Taxation of interest on rental property
Written by Ray Coman
The 2015 Emergency Budget has various tax implications for landlords. However, the restriction on tax relief for mortgage interest will have widest impact. The Budget announcement therefore warrants closer examination of the new rules, and a re-assessment of the relative merits of company ownership of a property in the light of its proposals.
Withdrawal of interest relief
Under current rules, taxable profits are reduced by interest on money borrowed for the purposes of the letting business. Phased in over a four year period starting with the 2017/18 tax year, UK taxpayers will no longer be able to deduct interest in calculating taxable rental profits. Instead, landlords will obtain a reduction in tax equal to basic rate tax on any interest borrowed. The broad intention is for a higher rate taxpayer to be no better off than a basic rate taxpayer by letting out a property.
The changes will be introduced gradually, so that the amount of interest which is deducted from rental profits is 75% from 6 April 2017, 50% from 6 April 2018, 25% from 6 April 2019 and 100% from 2020/21.
On the same dates, a reduction in tax will be given for the interest which has been disallowed. The tax reducer is the basic rate tax (currently 20%) multiplied by the disallowed interest. In practice the tax reducer will be 20% of 25% of interest for 2017/18, 20% of 50% of interest for 2018/19, 20% of 75% of interest for 2019/20 and 20% of the whole interest from 2020/21.
By 2020/21, a landlord who is a higher rate taxpayer will effectively only receive basic rate tax relief on mortgage interest payments.
However, it is misleading to explain that only higher rate taxpayers will end up paying more tax. This is because once interest has been stripped out of the profits calculation many landlords that would have been basic rate taxpayers will become higher rate taxpayers.
To provide a case in point, say that a landlord has no other income apart from rental income. Said landlord has profit before interest of £50,000 and profit after interest of £30,000. To make the comparison simple, let us say the basic rate tax threshold of £43,000 for 2016/17 is unchanged by 2020/21 and personal allowance is £11,000 in both tax years. In 2016/17 the landlord is taxed at 20% on £19,000, and has a tax liability of £3,800.
However in 2020/21, he is taxed at 20% on £32,000 of profit and at 40% on £7,000 of profit. His tax liability is £9,200. The landlord then receives a tax reducer of 20% of £20,000, which is £4,000. His tax payable is therefore £5,200. Even though the landlord has income of less than the basic rate tax threshold in both years, because he is a higher rate taxpayer before mortgage interest is deducted he pays more tax under the new rules. To be precise, the increase in tax is £1,400, which is 20% of ‘higher rate’ profit.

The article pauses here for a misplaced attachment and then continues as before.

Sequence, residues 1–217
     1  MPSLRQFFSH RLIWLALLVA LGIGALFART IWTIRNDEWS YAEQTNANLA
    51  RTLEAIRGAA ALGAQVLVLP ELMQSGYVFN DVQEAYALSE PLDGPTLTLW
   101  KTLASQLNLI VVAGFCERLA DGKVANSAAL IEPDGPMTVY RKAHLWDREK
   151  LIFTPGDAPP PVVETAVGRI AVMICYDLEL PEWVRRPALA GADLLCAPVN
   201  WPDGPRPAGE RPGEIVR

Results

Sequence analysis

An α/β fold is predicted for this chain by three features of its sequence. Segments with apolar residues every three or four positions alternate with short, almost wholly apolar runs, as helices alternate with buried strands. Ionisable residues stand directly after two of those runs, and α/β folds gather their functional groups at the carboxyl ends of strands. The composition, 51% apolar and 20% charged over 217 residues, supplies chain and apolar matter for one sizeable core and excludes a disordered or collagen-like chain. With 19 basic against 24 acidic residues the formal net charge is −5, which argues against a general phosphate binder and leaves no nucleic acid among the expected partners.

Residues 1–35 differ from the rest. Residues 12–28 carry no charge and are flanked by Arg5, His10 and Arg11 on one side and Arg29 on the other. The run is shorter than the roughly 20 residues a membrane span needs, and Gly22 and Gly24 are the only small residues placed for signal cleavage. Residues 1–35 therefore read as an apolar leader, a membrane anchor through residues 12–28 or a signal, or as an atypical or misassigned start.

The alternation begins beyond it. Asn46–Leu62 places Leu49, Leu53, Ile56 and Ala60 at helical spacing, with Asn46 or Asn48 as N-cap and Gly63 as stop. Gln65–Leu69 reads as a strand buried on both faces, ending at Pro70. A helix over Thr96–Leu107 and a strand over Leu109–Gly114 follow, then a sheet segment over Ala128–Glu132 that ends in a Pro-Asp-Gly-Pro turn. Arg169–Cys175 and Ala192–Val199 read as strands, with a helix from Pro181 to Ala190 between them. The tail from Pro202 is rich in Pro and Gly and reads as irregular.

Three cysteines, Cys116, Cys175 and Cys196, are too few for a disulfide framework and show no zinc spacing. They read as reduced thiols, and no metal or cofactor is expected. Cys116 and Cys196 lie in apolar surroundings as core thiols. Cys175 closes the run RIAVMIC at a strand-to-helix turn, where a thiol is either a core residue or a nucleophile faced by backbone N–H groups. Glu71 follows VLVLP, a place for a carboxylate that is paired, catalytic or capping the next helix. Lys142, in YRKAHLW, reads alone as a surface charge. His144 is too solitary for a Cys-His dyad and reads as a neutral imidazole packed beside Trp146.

Transfer of a property to a company
Given the restriction on mortgage interest, the option of placing a property into a company for tax purposes deserves reconsideration. This is because there would be no restriction on the amount of interest which can be deducted from profits for the purpose of calculating corporation tax. The rate of corporation tax on profits is currently 20% and the government have also proposed to reduce the rate of corporation tax to 19% from 6 April 2017 and 18% on 6 April 2020.
However, additional tax on dividends could outweigh the benefit of being able to deduct interest from profits. The government has announced that the first £5,000 of dividends are tax free. Therefore, a higher rate taxpayer with rental profits of approximately £5,000 a year would save tax paid on rents by using a company structure.
After the £5,000 allowance, basic rate taxpayers will pay 7.5% on dividends, higher rate taxpayers 32.5% and additional tax payers 38.1%. Dividends are paid after corporation tax, therefore for a basic rate taxpayer the combined rate would be 26%. This is 20% corporation tax plus (80% of 7.5%) or 6%. The total rate of tax for a higher rate taxpayer is 46% and 50.48% for an additional rate taxpayer.